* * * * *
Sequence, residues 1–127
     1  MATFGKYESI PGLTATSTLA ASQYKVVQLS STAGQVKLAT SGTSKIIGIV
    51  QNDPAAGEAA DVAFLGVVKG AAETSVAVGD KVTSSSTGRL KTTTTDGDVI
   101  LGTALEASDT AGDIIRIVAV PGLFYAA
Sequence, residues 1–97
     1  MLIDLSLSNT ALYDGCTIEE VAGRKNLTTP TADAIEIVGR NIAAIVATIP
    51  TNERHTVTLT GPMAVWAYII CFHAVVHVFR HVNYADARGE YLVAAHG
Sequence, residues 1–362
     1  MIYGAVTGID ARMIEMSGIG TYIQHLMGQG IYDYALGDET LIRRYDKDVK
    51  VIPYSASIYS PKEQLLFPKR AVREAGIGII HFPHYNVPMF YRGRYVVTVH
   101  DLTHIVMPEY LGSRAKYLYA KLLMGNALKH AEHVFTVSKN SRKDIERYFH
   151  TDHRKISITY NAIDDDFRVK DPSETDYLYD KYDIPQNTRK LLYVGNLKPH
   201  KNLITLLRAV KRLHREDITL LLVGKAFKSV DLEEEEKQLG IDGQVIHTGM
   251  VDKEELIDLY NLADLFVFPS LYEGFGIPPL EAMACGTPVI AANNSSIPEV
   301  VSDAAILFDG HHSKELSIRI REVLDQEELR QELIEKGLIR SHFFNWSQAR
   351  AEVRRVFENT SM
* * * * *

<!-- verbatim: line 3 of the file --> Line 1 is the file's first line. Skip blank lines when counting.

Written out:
    51  QNDPAAGEAA DVAFLGVVKG AAETSVAVGD KVTSSSTGRL KTTTTDGDVI